MATLAB Handle Graphics

 

Blog, coast, coastal flooding, energy, flooding, Journal paper, science, sea level, waves

New paper just published in Coral Reefs – Influence of the Great Barrier Reef on wave attenuation

We have just had a new paper (The large-scale influence of the Great Barrier Reef matrix on wave attenuation) published in the journal Coral Reefs. Click here to see a copy. This was our press release:

New research has found that the Great Barrier Reef, as a whole, is a remarkably effective wave absorber, despite large gaps between the reefs. This means that landward of the reefs, waves are mostly related to local winds rather than offshore wave conditions. 

As waves break and reduce in height over reefs, this drives currents that are very important for the transport of nutrients and larvae. This reduction in wave height also has implications for shoreline stability. Transition 

The Great Barrier Reef in Australia is the largest coral reef system in the world, extending 2,300 km alongshore. The reef matrix is a porous structure consisting of thousands of individual reefs, with gaps in between. The porosity varies in that is it much lower in the north where the continental shelf is narrow and there is extensive reef flats; and is greater in the south where the shelf reaches up to 300 km wide and there are extensive lagoons.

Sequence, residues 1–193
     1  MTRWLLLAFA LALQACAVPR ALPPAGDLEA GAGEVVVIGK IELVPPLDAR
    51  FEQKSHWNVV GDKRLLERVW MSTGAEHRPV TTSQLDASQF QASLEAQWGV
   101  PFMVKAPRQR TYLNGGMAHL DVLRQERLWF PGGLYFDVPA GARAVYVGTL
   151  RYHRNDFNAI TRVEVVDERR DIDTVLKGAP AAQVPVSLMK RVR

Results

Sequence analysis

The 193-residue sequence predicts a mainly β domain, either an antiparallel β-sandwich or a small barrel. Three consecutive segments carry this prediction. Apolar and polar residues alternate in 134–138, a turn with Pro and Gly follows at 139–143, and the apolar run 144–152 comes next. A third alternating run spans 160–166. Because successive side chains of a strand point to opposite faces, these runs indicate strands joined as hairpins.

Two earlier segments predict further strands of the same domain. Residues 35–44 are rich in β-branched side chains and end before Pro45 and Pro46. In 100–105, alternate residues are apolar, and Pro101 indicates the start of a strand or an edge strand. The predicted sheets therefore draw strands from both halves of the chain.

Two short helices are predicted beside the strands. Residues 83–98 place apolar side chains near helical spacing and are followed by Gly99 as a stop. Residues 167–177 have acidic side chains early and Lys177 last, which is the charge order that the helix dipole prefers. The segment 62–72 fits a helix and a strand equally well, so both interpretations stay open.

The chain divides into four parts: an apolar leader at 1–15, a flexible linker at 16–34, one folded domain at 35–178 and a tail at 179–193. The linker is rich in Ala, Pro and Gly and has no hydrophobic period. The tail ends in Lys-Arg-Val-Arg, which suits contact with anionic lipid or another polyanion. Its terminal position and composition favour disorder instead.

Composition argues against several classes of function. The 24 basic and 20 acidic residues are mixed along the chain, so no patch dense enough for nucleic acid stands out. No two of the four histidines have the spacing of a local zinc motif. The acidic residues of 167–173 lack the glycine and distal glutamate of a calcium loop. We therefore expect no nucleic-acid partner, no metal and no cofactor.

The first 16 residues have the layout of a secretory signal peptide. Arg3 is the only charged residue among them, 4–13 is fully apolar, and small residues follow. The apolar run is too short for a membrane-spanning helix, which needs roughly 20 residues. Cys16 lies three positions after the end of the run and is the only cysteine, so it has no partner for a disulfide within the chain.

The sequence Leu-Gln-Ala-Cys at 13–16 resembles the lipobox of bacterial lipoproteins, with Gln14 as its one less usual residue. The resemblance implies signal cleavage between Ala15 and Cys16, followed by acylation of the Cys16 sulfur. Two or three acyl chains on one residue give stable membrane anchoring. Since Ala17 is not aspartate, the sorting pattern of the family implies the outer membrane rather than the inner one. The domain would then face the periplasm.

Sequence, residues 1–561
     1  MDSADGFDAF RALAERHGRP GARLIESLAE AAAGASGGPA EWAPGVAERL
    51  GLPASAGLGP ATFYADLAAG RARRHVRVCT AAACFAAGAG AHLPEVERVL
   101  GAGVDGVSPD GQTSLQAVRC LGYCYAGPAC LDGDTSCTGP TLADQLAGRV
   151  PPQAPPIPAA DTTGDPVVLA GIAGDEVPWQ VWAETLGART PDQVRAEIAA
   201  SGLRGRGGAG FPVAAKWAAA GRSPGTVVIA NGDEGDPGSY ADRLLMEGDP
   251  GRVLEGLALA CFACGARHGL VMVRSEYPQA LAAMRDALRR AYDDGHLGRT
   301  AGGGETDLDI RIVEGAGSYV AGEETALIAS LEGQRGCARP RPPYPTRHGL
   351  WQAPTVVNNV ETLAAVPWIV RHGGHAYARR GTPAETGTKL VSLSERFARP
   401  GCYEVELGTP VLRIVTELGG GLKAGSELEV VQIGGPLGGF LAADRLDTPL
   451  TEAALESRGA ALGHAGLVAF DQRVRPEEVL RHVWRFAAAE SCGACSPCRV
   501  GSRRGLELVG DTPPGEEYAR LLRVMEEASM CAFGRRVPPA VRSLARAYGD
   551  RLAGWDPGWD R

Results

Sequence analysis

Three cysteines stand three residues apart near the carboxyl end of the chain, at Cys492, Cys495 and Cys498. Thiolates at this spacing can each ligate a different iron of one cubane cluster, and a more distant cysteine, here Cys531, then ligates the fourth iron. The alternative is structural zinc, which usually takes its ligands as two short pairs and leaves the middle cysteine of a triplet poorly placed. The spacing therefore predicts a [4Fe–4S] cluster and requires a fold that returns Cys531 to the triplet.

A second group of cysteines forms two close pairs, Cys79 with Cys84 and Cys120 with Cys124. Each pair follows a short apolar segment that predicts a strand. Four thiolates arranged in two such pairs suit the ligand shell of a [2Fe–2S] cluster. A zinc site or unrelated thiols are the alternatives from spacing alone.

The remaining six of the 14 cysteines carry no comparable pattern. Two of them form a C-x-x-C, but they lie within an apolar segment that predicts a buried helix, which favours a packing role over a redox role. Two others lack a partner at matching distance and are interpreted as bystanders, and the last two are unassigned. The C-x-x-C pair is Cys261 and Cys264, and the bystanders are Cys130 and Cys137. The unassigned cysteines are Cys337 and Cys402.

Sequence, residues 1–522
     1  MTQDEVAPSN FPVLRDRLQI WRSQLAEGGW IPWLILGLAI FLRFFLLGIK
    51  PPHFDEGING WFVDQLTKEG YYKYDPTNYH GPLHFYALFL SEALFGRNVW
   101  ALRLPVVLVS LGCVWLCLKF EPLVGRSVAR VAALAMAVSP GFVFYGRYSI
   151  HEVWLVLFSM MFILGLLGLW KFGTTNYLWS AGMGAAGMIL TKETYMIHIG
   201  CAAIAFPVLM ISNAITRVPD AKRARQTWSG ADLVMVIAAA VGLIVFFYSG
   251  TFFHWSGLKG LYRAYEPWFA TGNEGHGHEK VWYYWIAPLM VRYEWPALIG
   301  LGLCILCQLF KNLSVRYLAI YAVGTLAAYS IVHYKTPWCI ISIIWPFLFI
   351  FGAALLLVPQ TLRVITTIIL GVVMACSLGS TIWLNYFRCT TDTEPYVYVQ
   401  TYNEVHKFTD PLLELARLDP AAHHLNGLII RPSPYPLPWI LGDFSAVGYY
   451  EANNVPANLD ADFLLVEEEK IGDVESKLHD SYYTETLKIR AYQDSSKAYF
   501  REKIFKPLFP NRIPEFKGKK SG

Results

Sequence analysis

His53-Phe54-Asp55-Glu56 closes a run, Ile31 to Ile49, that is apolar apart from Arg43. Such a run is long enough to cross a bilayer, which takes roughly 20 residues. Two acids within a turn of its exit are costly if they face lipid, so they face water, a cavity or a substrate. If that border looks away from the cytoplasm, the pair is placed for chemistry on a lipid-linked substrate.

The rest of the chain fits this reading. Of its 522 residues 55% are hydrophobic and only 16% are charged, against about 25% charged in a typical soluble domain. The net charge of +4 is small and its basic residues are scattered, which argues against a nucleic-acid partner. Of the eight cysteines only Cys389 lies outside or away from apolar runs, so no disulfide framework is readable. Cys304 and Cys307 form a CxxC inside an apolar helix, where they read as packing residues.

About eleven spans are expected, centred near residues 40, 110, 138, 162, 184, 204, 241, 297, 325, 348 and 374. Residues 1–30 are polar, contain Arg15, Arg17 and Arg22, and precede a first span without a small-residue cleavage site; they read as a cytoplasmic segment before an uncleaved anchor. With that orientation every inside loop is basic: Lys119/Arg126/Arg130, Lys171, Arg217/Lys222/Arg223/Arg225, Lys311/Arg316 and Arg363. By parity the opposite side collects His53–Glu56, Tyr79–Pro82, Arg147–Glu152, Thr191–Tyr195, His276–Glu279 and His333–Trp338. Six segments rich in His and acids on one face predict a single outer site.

Previously, there have been several studies investigating how individual reefs in the Great Barrier Reef influence ocean waves. However, this was the first, comprehensive, large-scale study of the influence of an entire offshore reef system on ocean wave transmission. The researchers used a 16-year record of satellite altimeter measurements of wave heights.